Gaiam TV, now known as Gaia, had an existing customer base for its subscription video-on-demand (SVOD) service. With a fraction the size of the team at bigger media companies has relied on some key third-party platforms and support studios like Cainkade to bring its product to life.
Gaiam came to Cainkade seeking to build new experiences for iPad, Android tablet, Nook and Kindle – integrating with its subscriber tools for managing pause and playback history across devices, authentication and analytics. The new apps were to borrow and respect some of the design elements of the previous products, but be purpose-built for the new platforms.
We worked hand-in-hand with the internal Gaiam TV team to integrate with its existing internal systems and key third party platforms. The new platforms, the first touch-screen experiences in Gaiam’s portfolio, required a fresh take on the user experience while extending colors and aesthetic choices from its sibling apps on other devices.
Constraints are a good thing.
- Students have a much easier time if they are asked to write a story about two people in a cafe versus a story about anything. In product design, constraints help focus in both the team but the key stakeholders as well. There were a lot of helpful constraints on this project – successful apps on key platforms like the Xbox, existing content taxonomoies, and the unique attributes of the target devices.
- We preserved content structures but carefully considered the differences in interacting with an iPad or tablet versus a TV device. The distance of the device – 18″ vs 10″ – allowed for greater density of information and more choices per screen.
- We were designing a universal experience – product for cross-platform tablets. As much as possible we avoided iOS or Android-specific conventions and designed user interface elements that would be relevant for both platforms.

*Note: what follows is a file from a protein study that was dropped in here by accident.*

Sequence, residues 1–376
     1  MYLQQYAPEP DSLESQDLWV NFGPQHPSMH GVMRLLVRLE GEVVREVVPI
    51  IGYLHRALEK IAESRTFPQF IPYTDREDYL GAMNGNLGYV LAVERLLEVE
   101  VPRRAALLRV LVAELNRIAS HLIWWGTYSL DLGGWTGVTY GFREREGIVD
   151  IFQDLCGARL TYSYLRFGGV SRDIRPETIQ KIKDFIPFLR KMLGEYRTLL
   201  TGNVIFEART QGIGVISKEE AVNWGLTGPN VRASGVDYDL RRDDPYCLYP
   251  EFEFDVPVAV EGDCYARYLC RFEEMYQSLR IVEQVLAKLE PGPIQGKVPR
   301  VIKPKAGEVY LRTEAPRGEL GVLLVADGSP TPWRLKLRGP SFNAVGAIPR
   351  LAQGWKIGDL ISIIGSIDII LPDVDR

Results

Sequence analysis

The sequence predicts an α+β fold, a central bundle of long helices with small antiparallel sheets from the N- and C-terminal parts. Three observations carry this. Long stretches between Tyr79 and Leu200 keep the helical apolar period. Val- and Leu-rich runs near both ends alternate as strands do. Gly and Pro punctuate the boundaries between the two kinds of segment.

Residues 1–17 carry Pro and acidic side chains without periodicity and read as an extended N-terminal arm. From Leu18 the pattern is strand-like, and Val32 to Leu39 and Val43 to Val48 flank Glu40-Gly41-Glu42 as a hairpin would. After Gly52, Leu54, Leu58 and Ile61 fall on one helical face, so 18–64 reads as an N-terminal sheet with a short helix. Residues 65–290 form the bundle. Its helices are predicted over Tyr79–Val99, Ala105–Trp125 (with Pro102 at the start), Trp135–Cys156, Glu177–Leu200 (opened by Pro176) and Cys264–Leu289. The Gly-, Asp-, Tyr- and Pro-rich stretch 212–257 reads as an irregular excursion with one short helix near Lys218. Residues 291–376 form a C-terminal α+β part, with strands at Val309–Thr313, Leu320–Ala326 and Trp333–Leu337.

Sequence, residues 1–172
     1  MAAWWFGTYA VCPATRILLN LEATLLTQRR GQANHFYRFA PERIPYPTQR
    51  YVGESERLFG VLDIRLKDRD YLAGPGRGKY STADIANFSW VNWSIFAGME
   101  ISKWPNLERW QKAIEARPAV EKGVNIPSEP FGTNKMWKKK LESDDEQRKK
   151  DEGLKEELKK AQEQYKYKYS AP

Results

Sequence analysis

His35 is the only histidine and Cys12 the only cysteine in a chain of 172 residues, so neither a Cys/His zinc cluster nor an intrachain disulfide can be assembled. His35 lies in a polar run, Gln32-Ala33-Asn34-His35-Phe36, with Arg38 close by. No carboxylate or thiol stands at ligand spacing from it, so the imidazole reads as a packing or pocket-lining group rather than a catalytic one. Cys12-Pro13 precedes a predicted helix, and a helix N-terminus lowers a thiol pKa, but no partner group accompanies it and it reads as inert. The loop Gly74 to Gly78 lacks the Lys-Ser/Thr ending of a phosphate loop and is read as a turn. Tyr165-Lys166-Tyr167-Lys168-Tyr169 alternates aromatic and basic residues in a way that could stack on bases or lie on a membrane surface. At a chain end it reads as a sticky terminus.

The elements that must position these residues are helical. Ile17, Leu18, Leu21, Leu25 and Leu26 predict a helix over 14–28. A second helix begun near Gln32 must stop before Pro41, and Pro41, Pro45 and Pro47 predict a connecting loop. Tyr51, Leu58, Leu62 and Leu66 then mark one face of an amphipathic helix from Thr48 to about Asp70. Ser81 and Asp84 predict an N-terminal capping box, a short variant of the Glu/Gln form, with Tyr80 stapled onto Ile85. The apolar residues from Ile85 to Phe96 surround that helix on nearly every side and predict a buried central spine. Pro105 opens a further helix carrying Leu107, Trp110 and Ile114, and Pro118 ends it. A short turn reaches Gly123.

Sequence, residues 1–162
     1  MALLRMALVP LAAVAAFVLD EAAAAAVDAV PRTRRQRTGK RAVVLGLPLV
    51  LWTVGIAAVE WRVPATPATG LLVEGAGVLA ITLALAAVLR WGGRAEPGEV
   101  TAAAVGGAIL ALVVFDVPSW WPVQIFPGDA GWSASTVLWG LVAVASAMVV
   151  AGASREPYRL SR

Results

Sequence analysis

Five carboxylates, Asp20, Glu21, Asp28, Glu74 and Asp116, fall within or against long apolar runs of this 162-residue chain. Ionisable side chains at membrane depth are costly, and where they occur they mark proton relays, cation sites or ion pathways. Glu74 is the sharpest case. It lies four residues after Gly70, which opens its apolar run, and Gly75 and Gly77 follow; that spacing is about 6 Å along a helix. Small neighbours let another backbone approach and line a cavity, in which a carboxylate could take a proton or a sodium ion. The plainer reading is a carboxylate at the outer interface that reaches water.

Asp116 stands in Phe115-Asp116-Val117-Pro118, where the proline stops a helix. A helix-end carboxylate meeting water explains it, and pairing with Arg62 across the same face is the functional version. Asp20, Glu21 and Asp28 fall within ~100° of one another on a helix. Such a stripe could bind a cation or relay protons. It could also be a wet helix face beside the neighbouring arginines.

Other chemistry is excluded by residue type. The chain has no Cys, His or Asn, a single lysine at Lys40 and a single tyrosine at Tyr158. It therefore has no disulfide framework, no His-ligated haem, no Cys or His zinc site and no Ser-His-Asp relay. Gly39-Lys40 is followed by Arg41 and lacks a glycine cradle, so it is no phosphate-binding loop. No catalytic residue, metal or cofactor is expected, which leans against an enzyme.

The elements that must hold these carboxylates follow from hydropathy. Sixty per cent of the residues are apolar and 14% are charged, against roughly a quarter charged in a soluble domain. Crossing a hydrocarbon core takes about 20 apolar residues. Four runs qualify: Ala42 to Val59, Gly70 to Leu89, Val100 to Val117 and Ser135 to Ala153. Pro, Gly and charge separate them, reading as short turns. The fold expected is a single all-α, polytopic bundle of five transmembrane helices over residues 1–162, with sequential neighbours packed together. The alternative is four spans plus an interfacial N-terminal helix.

Gaiam TV had a mature set of products in the market when we were engaged for the iOS and Android experiences. We were encouraged to carry over the primary brand purple color and to utilize accent colors to denote the various “pillars” or sections across the product.
- Live Healthy
- Seeking Truth
- Spiritual Growth
Shortcuts don’t scale.
There’s a lot of bad code out there. Fat apps are harder to debug and cost more to operate day in day out. We may design a universal approach, but app code is natively developed and doesn’t utilize a framework, toolkit, SDK or other shortcut.
The biggest challenge was debugging HTTP Live Streaming (HLS) on Android. We dealt with this previously on a Comcast project so we knew a bit about what we were getting into.
Android versions older than 4.0 are a trainwreck when it comes to consistent video playback. Versions 4.0 or 4.1 and above handle HLS much better. Our existing relationship with Brightcove (video platform, and provider of Android player SDK) and VisualOn (HLS playback technology for Android) helped is triangulate the issues and ensure there would be a smooth experience across Android devices.
Android always presents some interesting QA challenges with diversity across the various implementations and hardware. For this reason we find that Android takes on average about 20% more than iOS to develop. We also supported Nook and Kindle Fire. Little did we know how much easier the Kindle and Android tablet work would make our lives just a few months later.
We are spending a lot of time in Boulder working with Gaiam on the future of their platform, enabling them to continue to move quickly, innovate and ensure a world-class media experience. This involves reexamining all elements of the technology platform underpinning the service. “Standards” debates from just a few years ago (Playready vs. HLS vs. Widevine vs. Flash) have mostly been resolved for non-Hollywood content (HLS). This is very freeing. The cost and flexibility of encoding, hosting and delivery services has improved dramatically since Gaiam TV first came to market.